Subject: I have found a CD that I think you would enjoy
Queen of the Blues
Genres: Blues, Pop
No Description Available. Genre: Blues Music Media Format: Compact Disk Rating: Release Date: 9-AUG-1988
Listen to Samples
No Description Available.
Genre: Blues Music
Media Format: Compact Disk
Release Date: 9-AUG-1988
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Another great Alligator offering
Docendo Discimus | Vita scholae | 06/04/2005
(4 out of 5 stars)
"Generally speaking, nobody but nobody should attempt to cover Chester Burnett, the mighty Howlin' Wolf. But the tough and gritty rendition of Wolf's "Evil" which opens this set shows that it can be done, and it is no surprise that it is Koko Taylor who comes as close as anyone to making one of Wolf's songs her own.
You can pick up any of Koko Taylor's Alligator albums and expect a good time, and this is not the least of them.
1985's "Queen of the Blues" anticipated a trend, if you will, featuring numerous guest stars. Frank "Son" Seals, Albert Collins and Lonnie Brooks play guitar on one song each, and they're all terrific, and harpist James Cotton lends his considerable talents to "Queen Bee" and the aforementioned Howlin' Wolf-cover.
But Taylor's regular combo is just as good, actually. Her excellent lead guitarist and occational producer Criss Johnson has delivered the goods for 35 years now, the rhythm section of Johnny B. Gayden and Ray Allison is rock-solid, and the late "Professor" Eddie Lusk plays terrific blues-n-boogie piano on songs like "Flamin' Mamie", the swinging "Beer Bottle Boogie" and the slow burner "I Cried Like A Baby".
Taylor has penned only one of these ten songs herself, but she is an excellent interpreter of songs, and her swaggering rendition of Ann Peebles' "Come To Mama" is one of the best songs on the disc. She subtly reinterprets "Money (That's What I Want)" as the driving "I Don't Care No More", complete with characteristic edgy lead guitar lines by Son Seals, and gets funky on the syncopated "I Can Love You Like A Woman", and let's not forget the production, which is uniformly excellent. Clear and uncluttered, but without being slick.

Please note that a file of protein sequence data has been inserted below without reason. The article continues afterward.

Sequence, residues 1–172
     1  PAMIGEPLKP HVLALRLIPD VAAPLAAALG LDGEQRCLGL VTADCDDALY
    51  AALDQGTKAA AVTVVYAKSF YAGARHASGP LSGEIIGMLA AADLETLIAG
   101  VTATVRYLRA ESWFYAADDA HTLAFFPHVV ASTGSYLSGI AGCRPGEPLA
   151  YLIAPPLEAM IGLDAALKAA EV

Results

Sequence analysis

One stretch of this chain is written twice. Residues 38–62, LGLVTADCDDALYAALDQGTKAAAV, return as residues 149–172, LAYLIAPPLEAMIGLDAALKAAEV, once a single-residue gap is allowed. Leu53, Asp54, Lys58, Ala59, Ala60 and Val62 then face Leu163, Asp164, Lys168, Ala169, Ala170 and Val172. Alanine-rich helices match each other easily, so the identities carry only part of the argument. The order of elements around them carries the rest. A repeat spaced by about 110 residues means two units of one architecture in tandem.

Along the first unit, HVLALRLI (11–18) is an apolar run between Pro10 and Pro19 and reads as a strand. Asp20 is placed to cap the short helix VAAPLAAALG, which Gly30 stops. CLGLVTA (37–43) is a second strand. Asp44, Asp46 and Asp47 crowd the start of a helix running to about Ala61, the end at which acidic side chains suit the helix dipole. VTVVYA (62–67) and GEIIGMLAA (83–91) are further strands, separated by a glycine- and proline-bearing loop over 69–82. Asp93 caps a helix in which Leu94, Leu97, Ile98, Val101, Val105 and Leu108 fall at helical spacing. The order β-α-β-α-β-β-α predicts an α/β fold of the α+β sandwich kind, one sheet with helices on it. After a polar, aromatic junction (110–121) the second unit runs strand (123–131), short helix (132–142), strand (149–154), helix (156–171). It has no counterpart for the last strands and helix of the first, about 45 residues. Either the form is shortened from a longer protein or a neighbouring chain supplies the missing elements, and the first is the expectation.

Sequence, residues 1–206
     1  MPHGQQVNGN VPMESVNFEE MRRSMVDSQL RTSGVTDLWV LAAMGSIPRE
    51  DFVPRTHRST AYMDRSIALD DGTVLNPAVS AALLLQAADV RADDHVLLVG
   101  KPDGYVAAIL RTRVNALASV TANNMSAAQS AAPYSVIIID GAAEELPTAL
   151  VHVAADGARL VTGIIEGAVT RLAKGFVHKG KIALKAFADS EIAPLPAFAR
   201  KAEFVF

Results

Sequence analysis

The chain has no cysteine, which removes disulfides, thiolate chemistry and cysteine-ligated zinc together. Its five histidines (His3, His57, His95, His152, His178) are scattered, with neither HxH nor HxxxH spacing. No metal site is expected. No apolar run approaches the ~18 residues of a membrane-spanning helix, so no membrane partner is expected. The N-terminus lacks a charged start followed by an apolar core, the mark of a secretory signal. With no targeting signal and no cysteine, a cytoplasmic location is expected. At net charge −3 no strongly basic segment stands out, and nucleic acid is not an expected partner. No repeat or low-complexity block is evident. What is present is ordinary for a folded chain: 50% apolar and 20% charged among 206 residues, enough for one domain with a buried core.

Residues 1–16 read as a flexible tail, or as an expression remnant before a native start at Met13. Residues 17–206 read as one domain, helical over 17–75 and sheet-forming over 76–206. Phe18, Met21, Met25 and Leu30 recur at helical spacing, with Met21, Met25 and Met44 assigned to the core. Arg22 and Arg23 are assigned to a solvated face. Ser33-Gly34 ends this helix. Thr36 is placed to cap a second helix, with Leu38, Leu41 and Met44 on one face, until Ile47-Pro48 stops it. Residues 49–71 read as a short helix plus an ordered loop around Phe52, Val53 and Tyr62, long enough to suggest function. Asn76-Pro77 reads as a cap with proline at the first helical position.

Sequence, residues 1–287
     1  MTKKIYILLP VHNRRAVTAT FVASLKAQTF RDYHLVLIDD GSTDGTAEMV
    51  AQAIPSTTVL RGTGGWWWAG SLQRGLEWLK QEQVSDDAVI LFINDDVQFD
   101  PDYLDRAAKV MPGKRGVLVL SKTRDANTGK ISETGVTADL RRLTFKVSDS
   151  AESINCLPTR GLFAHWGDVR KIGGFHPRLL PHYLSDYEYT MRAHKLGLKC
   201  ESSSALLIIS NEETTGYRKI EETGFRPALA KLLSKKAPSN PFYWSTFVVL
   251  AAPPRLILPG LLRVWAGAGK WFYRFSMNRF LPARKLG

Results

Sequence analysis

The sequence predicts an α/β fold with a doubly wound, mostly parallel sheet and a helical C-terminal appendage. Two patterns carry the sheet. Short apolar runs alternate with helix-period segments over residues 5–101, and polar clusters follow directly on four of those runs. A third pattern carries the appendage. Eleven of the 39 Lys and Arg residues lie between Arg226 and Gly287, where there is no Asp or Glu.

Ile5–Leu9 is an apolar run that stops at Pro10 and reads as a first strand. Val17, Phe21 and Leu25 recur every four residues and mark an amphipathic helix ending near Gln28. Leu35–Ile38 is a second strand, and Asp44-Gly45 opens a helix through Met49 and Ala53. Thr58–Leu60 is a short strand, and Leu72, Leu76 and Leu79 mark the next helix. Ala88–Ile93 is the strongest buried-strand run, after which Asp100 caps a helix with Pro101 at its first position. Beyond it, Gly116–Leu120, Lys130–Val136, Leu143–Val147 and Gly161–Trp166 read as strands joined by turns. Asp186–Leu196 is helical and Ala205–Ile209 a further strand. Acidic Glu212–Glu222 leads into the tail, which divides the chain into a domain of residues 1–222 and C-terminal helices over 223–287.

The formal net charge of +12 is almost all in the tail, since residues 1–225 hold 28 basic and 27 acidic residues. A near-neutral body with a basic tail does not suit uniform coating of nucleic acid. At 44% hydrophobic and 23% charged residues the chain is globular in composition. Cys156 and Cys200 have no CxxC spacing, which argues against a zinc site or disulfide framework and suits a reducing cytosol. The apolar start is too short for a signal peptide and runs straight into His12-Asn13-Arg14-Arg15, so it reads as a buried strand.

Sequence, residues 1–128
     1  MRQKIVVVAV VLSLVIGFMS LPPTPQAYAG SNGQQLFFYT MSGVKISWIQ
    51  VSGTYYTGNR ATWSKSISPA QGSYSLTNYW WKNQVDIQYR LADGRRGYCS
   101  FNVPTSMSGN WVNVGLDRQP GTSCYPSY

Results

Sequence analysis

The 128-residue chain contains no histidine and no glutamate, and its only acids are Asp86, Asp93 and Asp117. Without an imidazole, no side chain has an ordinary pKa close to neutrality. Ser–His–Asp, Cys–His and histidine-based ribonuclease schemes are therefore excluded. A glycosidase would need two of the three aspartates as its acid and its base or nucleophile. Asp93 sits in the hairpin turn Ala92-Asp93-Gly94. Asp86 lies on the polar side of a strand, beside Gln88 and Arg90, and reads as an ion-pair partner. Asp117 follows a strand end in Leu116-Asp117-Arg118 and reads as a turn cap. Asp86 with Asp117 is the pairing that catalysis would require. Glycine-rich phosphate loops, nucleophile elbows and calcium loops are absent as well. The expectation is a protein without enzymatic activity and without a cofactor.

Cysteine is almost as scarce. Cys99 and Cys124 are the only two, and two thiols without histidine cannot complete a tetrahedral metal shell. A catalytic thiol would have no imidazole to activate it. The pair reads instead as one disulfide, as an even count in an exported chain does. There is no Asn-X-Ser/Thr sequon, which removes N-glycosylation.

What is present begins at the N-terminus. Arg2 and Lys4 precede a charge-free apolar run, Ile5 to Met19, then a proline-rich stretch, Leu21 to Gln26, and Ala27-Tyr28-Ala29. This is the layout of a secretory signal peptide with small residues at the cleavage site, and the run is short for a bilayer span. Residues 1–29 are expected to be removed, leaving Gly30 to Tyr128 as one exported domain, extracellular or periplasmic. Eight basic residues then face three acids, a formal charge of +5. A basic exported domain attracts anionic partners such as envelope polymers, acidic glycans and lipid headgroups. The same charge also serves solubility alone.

Fans of Koko Taylor will want this one in their collection. In fact, fans of genuine, rough n' tumble Chicago blues will want each and every one of Taylor's albums in their colletion. She has yet to make a bad one."
Go on Koko
Docendo Discimus | 11/09/2004
(5 out of 5 stars)
"If you think a bear is scary with its growls you shouls listen to this album. Koko has a fierce growl that will get you up off of your feet. Like in the song I Can Love You Like A Woman or I can Fight You Like A MAN. Oh BOY! She sounds like she can fight like a tiger. There is no other woman on this PLANET that can replicate a voice this good. Buy this album and I garantee you will not be dissapointed.I am only 12 years old and let me tell you I love her better than I love any other singer."
Craig Riecke | East Syracuse, NY USA | 08/25/2000
(4 out of 5 stars)
"Ms. Taylor rivals Howlin' Wolf in the terrify-ingness of her voice. So it's fitting she starts with the Wolf classic "Evil" here, and when she sings "Grab the first thing smokin'" my whole body tenses up. Yup, she's visceral. Unfortunately her backing band is up to the challenge, although guest star James Cotton redeems it somewhat (especially on "Queen Bee.") Oh well. Some say her voice is an acquired taste, but I don't understand why. If the gravelly goodeness that pounds "Flamin Mamie" into the wall doesn't speak to you ... you're probably dead!"